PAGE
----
I have the current set to just under 130 mA (battery is 12 v, 7AH).

I'm going to set up a 2N3055 pass transistor (probably overkill but I have a bunch of them lying around) to relieve the load a little on the 317.
 

Offline oldway

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Re: Guess What Will Happen: Battery Desulfation Experiment
« Reply #78 on: March 04, 2015, 01:31:17 pm »
Quote
They replace the batteries in their client's alarm systems every year whether they need it or not ...
It seems a little overkill...With no break's, we replaced such low capacity batteries (with fast-on connectors) every two years.

Quote
the stuff about reverse charging SLAs at 2% to remove sulfation.
As far the battery is not completely discharged and voltage polarities of the battery are not inverted, reverse charging is the same as discharging the battery.
Why use a LM317 to do this ?
You can use a simple power resistor or an incandescent bulb.
But I do'nt agree with this: completely discharge the battery will not desulfate the battery, nor charging with reverse polarities, it will only make the situation worse.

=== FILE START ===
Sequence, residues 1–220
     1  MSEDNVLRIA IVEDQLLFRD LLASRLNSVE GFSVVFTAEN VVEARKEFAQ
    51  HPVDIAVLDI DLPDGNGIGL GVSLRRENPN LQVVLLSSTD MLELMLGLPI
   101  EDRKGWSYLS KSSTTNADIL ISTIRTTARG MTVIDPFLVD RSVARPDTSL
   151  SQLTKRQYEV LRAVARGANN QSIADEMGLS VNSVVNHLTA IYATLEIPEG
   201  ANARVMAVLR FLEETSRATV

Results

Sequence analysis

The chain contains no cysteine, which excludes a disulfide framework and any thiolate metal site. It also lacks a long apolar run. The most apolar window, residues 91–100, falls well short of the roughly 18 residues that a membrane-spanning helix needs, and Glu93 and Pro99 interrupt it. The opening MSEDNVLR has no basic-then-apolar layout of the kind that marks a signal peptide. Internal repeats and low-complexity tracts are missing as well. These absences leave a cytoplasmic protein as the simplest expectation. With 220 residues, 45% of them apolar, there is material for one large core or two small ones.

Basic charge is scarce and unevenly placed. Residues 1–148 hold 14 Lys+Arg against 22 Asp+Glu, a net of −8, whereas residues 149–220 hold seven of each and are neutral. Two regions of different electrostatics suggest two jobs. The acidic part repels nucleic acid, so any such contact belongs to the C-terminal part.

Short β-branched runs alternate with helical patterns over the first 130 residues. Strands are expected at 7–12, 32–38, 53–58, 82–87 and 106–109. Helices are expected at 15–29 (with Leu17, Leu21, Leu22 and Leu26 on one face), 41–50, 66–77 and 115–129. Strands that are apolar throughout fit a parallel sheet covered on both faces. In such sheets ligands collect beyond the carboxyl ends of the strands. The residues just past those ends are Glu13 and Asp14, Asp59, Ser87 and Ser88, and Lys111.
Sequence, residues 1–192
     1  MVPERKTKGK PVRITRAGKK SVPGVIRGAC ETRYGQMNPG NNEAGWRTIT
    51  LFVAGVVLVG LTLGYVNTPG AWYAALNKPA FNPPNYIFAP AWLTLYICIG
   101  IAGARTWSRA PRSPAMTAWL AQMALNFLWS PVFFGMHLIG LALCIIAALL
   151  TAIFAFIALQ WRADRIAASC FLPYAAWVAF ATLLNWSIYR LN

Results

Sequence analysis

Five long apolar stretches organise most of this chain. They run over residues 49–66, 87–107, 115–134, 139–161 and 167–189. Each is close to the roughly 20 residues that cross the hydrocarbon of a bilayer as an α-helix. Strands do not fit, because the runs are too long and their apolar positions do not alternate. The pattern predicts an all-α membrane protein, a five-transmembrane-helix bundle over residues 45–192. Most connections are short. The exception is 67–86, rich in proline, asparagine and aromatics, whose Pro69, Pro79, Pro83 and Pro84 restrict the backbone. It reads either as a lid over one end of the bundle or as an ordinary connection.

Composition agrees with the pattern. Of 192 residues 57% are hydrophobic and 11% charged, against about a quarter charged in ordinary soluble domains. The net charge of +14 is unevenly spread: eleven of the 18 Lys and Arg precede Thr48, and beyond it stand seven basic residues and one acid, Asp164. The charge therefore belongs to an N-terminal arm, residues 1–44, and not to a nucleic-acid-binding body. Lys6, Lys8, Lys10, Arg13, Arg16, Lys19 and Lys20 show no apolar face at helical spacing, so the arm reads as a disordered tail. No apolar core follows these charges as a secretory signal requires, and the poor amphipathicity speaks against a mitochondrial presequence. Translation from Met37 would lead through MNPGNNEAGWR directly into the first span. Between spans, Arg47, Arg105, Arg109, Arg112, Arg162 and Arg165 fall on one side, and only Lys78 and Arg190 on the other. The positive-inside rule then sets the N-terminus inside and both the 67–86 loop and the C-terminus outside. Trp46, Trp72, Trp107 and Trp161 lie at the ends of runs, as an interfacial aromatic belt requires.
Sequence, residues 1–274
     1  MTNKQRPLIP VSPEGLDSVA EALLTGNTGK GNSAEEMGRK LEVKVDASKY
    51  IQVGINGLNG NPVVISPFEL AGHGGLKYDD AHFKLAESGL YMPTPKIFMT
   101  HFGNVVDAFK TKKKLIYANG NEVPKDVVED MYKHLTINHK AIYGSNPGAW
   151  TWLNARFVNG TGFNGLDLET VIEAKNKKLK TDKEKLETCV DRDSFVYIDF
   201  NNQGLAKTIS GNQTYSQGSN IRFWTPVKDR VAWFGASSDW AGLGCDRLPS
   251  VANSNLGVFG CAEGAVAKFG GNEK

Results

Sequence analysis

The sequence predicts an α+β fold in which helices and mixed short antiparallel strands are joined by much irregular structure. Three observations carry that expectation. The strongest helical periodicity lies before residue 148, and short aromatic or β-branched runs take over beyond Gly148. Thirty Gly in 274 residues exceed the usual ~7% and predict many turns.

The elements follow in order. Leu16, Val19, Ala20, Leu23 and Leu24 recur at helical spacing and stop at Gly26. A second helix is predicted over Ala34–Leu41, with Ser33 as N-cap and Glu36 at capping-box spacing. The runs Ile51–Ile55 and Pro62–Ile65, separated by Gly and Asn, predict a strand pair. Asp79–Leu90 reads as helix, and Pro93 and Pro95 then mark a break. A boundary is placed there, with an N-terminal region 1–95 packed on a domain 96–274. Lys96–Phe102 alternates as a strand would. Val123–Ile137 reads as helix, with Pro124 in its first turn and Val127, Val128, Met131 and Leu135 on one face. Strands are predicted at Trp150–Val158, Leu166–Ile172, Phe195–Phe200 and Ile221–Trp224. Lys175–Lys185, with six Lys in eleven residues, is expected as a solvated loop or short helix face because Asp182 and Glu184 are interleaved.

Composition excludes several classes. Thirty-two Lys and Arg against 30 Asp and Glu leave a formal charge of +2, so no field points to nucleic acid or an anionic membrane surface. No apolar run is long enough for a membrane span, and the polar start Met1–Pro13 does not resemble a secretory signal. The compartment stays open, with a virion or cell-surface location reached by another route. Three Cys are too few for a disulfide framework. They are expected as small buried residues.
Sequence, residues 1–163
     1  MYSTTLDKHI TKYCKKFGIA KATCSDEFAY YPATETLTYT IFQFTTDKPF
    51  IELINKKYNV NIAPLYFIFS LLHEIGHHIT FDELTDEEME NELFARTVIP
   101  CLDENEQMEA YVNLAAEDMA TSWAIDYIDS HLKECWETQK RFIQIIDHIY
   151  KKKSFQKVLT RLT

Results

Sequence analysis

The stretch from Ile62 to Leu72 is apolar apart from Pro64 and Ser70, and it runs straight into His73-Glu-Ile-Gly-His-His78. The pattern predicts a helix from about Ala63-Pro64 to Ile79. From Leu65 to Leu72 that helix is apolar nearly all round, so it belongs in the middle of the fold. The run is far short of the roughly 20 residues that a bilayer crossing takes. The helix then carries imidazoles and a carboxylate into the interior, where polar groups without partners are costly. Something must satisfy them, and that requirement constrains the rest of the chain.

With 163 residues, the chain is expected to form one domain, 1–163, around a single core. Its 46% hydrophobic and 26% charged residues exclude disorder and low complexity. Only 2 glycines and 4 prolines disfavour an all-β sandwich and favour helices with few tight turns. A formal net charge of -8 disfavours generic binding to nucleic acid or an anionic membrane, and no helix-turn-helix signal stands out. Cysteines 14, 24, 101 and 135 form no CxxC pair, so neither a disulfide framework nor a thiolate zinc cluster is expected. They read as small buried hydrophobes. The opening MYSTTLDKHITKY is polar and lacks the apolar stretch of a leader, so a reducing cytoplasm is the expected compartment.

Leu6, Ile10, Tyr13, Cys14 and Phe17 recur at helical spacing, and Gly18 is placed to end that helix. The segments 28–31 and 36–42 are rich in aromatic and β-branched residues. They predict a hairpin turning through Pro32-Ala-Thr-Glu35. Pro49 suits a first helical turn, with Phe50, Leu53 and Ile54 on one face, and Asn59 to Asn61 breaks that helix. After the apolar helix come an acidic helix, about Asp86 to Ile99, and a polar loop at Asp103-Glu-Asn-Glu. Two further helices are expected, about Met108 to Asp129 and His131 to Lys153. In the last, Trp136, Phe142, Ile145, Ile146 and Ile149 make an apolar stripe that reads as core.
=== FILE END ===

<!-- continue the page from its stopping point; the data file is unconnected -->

Offline eneuro

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Re: Guess What Will Happen: Battery Desulfation Experiment
« Reply #79 on: March 05, 2015, 02:16:29 pm »
But I do'nt agree with this: completely discharge the battery will not desulfate the battery, nor charging with reverse polarities, it will only make the situation worse.
I do want keep battery at safe volatge levels during desulfation and charging, so added in my desulfator prototype monitoring of input voltage pulse and battery voltage to triger switch in this based voltage multiplier desulfator when those voltages are at proper levels, so it will stop desulfation/charge if battery voltage will be above its floating voltage (will resume later when goes down or slightly discharge battery) or wait for input pulse voltage to be above lets say 10.5V, so another battery can be used as power source if someone wants to experiment more  8)